Thomas said Fairmont Private Schools’ Counseling Department is staffed with licensed professionals with many years of experience working with students and in crisis management.
“Fairmont partners with the Orange County Department of Education to provide annual and intermittent training for staff on mental health topics such as identifying early childhood trauma, recognizing the signs of teen depression and positive discipline techniques,” Thomas said. “Therapists provide discussions and presentations for parents on a wide variety of mental health issues throughout the year.”
Ryan Burris, Capistrano Unified School District’s chief communications and public engagement officer, said, “CUSD’s Multi-Tiered System of Supports, also known as MTSS, defines a system, which includes supports in the areas of social-emotional, behavior and academics to ensure that every learner can be successful. Through practices such as Professional Learning Communities and intervention, school staffs work collaboratively to develop a personal understanding of the needs of each student. We were able to utilize ESSR funds to staff each school with a counselor.”
Keller said Laguna Beach Unified School District utilizes universal social-emotional health screenings twice a year for students in grades K through 12 to support the potential identification of students with new or emerging mental health needs.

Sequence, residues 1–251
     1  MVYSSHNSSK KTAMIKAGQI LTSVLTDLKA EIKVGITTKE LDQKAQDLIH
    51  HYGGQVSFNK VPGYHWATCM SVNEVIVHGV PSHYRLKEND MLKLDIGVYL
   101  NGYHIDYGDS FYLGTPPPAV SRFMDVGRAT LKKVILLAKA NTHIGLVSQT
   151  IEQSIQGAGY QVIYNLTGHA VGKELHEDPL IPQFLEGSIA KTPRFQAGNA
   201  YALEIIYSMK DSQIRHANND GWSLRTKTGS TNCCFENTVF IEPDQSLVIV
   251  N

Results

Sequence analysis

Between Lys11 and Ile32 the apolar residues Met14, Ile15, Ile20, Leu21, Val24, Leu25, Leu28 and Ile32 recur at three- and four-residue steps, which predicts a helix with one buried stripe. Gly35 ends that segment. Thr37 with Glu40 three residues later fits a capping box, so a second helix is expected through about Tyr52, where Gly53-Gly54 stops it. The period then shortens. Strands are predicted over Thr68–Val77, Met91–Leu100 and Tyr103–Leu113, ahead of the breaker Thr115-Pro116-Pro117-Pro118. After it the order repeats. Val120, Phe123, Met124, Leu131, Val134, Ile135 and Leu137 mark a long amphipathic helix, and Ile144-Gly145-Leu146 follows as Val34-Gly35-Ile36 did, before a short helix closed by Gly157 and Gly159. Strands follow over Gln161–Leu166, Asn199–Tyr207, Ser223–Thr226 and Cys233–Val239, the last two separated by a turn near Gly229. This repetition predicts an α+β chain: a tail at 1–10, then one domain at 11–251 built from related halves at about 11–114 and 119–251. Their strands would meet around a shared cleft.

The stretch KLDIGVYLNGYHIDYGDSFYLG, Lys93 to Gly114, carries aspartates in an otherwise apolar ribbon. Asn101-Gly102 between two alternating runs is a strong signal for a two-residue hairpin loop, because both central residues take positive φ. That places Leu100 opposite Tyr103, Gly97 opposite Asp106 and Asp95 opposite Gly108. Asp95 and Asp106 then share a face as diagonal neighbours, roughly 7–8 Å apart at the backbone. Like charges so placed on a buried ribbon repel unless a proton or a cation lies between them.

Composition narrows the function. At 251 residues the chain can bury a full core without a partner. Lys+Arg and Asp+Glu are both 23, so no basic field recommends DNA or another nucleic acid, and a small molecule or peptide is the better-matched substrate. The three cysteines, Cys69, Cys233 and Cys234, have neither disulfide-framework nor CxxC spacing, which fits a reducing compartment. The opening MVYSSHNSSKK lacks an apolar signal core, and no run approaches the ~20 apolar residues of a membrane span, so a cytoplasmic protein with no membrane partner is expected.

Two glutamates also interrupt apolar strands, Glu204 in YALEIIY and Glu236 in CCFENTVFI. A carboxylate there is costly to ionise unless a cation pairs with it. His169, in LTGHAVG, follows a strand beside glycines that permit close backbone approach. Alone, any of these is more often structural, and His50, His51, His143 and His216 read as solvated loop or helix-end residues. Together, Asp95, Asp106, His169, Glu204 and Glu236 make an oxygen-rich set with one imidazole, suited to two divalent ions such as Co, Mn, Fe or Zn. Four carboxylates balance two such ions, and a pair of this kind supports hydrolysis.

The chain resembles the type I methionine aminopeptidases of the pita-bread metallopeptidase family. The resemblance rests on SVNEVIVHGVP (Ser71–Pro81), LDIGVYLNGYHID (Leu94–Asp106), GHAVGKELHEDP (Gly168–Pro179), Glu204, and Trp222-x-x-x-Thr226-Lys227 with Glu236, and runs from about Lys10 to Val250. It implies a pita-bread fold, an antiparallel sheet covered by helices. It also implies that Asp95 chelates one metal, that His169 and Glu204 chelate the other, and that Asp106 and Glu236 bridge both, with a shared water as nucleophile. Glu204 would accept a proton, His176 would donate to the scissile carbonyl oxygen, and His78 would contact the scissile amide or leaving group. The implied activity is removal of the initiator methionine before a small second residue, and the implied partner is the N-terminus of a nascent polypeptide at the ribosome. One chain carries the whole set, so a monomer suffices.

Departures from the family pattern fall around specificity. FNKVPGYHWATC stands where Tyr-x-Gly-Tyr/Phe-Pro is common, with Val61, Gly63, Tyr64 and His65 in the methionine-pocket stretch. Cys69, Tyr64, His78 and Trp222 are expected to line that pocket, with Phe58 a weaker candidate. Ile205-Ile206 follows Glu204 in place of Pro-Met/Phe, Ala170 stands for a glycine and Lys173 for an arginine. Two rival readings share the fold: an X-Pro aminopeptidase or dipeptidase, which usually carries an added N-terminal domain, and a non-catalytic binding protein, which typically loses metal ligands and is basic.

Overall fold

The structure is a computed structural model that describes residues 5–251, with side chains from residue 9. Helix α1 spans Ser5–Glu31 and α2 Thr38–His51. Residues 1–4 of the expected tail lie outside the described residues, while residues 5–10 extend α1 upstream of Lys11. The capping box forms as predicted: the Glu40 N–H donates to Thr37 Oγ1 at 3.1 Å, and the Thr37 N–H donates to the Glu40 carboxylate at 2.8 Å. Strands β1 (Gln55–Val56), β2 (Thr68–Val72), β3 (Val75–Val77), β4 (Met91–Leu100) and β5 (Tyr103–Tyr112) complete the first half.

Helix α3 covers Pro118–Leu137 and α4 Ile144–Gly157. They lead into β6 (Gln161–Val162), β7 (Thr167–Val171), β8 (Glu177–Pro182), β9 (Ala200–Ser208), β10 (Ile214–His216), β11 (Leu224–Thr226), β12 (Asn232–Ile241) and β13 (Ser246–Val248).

“In addition, it provides an additional connection point between students and school counseling staff,” said Keller. “Lastly, our school district and many districts across Orange County have invested heavily in school-based mental health staff, increasing qualified staff members from TK through 12th grade. In LBUSD, we have added school counseling, social work staff, administrative leadership in school-based mental health and a coordinator of family engagement to increase access to mental health supports and community-based resources.”
- Children’s Mindfulness And Growth After The Pandemic
- The Challenges Parents Of Special Needs Children Face During The Pandemic
- Schools and Families Reflect on Post-Pandemic Campuses
What Parents Can Do
Educators say that the best tools for dealing with mental stress in children involve creating an open dialogue where your child feels safe to discuss his or her issues.
“Listen. Support. Don’t judge. It may be scary for a parent to face a mental health issue with their child, but there is an opportunity to come together as a family to prevent further crisis, show love and start to heal,” said Thomas.
Jackson said, “Spend time with them, listen to and hear them and most importantly, let them know they are loved and understood. It is also important for parents to recognize when they need to seek outside help to support them in guiding their child back to a balanced life.”
When parents need some extra support, include your child’s school in the process as they have trained staff members and counselors available.
“Reach out to teachers, counselors, principals, parents, coaches — any trusted adult,” said Burris. “Be sure to connect with your school’s administrators and counselors. They can help provide resources both inside and outside of the district.”
Some schools will also coordinate with medical experts to help.
“SMCHS is proud to collaborate with CHOC Children’s to keep us up-to-date on local and national adolescent trends. Through our partnership with CHOC, we offer a CHOC resource specialist line for parents seeking qualified and reputable professional mental health resources for their children,” Cleary said.
By Jessie Dax-Setkus